James has just enough help to dethrone Detroit. This is the year.
Of course, he’ll lose to San Antonio in the Finals, which means the Spurs will be mentioned in this summer’s commercials.
“Marcus, with all the fantasy trade talk and scenarios appearing in various blogs, is there any conventional understanding about trading within one’s own division or conference? For instance, folks talk about Reggie Evans of the Nuggets or even Arrest (I meant Artest) from Sacto? Assuming one of these players made sense to us, what consideration is given to giving our talent to a division or conference rival?” – commish
I think teams are genuinely weary of trading within the division. The goal of every team is to win a division, so strengthening foes is hardly ever an option. It would have to be a rare circumstance.
Last offseason, there was one inter-division trade: Kirk Snyder going from the Hornets to the Rockets. Before the trade deadline, Memphis traded Scott Padgett to the Rockets for Tsakalidis.
I have a hard time believing the Suns would help someone else win the Pacific by trading Marion to the Warriors or the Lakers.
I wrote in Wednesday’s paper that Baron Davis is up for a four-year, $89.9 million extension per the collective bargaining agreement. That’s not correct. Davis can only be locked up for a total of five years, not six.
Players having their rookie contracts extended can be under contract for up to six years, and free agents can sign six-year deals. But players already under contract seeking extension on non-rookie deals can only be locked up for five years.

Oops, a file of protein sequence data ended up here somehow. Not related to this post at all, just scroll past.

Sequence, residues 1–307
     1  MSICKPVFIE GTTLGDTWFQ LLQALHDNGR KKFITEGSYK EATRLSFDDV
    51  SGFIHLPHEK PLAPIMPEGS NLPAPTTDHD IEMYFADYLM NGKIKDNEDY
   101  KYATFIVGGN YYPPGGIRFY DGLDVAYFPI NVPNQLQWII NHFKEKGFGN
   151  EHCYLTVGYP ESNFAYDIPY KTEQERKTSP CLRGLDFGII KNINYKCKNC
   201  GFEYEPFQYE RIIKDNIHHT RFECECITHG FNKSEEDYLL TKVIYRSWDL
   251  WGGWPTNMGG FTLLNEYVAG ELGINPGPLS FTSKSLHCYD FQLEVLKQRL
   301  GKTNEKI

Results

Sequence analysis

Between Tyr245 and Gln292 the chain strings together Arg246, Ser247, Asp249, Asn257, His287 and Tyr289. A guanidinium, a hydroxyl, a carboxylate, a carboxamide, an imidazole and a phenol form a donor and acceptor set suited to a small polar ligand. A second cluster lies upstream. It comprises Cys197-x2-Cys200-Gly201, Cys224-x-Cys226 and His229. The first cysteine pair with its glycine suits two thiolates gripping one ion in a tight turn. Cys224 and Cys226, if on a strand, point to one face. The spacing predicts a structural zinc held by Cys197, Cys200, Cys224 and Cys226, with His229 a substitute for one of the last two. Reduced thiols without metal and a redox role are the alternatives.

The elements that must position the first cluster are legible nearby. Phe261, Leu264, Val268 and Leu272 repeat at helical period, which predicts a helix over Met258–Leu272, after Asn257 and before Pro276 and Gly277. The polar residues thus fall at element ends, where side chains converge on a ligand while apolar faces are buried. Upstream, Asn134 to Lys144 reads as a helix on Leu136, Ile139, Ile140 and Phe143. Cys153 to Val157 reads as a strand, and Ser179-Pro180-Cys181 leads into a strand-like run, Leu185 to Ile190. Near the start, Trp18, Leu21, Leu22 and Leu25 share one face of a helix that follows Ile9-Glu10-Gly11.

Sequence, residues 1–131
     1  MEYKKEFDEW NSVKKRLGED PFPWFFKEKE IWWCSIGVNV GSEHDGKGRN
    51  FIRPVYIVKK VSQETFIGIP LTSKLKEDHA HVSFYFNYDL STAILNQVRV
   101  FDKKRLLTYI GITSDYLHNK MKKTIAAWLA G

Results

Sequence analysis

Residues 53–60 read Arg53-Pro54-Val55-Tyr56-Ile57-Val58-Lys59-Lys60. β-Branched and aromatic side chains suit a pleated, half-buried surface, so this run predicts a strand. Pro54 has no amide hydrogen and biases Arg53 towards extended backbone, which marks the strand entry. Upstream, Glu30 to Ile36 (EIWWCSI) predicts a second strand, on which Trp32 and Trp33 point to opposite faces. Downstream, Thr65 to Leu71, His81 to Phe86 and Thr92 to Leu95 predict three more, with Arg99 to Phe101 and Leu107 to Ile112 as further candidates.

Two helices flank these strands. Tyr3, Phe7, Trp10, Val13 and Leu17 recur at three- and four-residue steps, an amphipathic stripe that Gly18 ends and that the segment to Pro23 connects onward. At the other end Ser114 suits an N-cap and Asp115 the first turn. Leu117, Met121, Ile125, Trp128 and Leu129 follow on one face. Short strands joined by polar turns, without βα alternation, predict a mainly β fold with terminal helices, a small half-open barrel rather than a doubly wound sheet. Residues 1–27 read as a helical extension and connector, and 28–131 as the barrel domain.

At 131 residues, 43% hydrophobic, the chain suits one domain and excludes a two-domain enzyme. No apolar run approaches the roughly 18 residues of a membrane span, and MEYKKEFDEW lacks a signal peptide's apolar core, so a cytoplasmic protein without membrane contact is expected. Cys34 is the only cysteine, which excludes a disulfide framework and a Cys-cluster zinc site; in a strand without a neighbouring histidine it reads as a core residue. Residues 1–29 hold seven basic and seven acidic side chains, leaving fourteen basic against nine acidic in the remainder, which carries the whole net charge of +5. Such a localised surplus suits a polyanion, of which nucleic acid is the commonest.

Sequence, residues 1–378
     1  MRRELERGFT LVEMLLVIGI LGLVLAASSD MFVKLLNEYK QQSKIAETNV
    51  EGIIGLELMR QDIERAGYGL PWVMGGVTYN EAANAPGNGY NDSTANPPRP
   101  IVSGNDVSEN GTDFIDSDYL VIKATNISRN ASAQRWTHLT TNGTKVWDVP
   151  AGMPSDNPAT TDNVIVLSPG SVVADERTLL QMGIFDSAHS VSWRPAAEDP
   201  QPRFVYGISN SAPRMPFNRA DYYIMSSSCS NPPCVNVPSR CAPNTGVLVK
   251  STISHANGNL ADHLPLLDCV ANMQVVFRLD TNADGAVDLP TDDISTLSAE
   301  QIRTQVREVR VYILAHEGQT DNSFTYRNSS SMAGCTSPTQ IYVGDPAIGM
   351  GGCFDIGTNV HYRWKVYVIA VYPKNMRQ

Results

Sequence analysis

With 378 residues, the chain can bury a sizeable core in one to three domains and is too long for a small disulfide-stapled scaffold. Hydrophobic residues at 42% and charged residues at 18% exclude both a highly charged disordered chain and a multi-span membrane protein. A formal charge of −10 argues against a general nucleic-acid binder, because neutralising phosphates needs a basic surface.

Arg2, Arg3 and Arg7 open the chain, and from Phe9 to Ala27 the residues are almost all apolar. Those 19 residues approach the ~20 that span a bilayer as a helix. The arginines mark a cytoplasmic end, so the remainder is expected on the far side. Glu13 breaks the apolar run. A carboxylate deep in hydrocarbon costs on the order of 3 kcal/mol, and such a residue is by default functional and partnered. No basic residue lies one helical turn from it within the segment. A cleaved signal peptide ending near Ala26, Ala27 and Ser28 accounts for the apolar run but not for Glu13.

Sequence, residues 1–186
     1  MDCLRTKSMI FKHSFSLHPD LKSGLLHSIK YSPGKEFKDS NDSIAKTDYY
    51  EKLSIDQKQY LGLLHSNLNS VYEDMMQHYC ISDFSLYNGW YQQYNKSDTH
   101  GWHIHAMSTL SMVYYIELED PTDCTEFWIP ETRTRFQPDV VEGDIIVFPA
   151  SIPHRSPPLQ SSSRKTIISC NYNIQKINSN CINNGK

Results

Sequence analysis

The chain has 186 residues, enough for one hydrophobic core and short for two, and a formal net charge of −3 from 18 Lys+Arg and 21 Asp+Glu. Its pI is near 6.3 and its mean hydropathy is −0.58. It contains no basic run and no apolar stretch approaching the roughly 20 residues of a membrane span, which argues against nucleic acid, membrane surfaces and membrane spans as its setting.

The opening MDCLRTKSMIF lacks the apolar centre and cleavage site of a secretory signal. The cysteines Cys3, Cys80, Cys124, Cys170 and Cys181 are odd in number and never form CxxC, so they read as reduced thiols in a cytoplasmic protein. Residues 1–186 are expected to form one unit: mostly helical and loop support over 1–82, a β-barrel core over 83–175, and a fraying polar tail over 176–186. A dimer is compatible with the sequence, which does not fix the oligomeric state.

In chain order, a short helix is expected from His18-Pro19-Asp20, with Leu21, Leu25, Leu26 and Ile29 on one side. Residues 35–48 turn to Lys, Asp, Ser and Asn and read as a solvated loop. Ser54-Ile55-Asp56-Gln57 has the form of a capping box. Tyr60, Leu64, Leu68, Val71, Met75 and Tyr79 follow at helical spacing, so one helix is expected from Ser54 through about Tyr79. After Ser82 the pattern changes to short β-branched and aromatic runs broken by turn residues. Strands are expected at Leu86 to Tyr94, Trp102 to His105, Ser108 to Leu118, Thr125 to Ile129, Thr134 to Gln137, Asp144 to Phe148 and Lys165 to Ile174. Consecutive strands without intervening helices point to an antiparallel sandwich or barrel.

So, Davis is eligible for up to a three-year extension worth $64.65 million, on top of the two years, $34.25 million he has remaining.
He can get up to a 10.5% raise on the last year of his contract, which is worth $17.81 million. So, if the Warriors were to lock up Baron for the maximum allotted time and the maximum amount of money this offseason, his contract would look like this:
How many years and how much money would you be willing to give Baron?
He showed up at the team’s practice facility today, strolling in with a hat and sunglasses, shortly after Chris Mullin’s season-ending press conference.
Nellie informed the remnants of the media throng that he had gone to the dentist. He told us that they gave him the gas, and — with just about more excitement than we’ve seen from him all year — he said it was the first time he’s been relaxed in eighth months.
“It was great!” Nellie said. “I’m going back!”
Chris Mullin, pressed by my esteemed colleague Tim Kawakami, maintained his stance that Jason Richardson is off the market. He said flat-out “No” when asked would Richardson be traded.
So, let’s take Mullin at his word. If Richardson is indeed untouchable, can the Warriors still land the player they need? Sounds to me like he’s willing to trade Monta Ellis, Andris Biedrins and Al Harrington — the only other desireable commodities. I’m assuming Baron is makes too much money for someone who you can’t expect to play a full season; Jackson’s legal and emotional issues assuredly scare away most GMs; and Mickael Pietrus and Matt Barnes likely aren’t enough to score the type of player the Warriors need.
That’s the entire rotation. The rest of the guys certainly won’t make another team cough up a rebounder-defender-inside scorer.
Maybe he thinks Pietrus or Harrington and the pick is enough to get it done for him, and it might be if they are targeting a smaller-named player. It might be at least be enough to move up in the draft to snatch a Horford or Wright, but unlikely. The likelihood is, if JR stays, and the Warriors make a big splash move, one of the youngsters will be gone.
My question(s) to you: Is Richardson worth losing Ellis or Biedrins? If so, which one?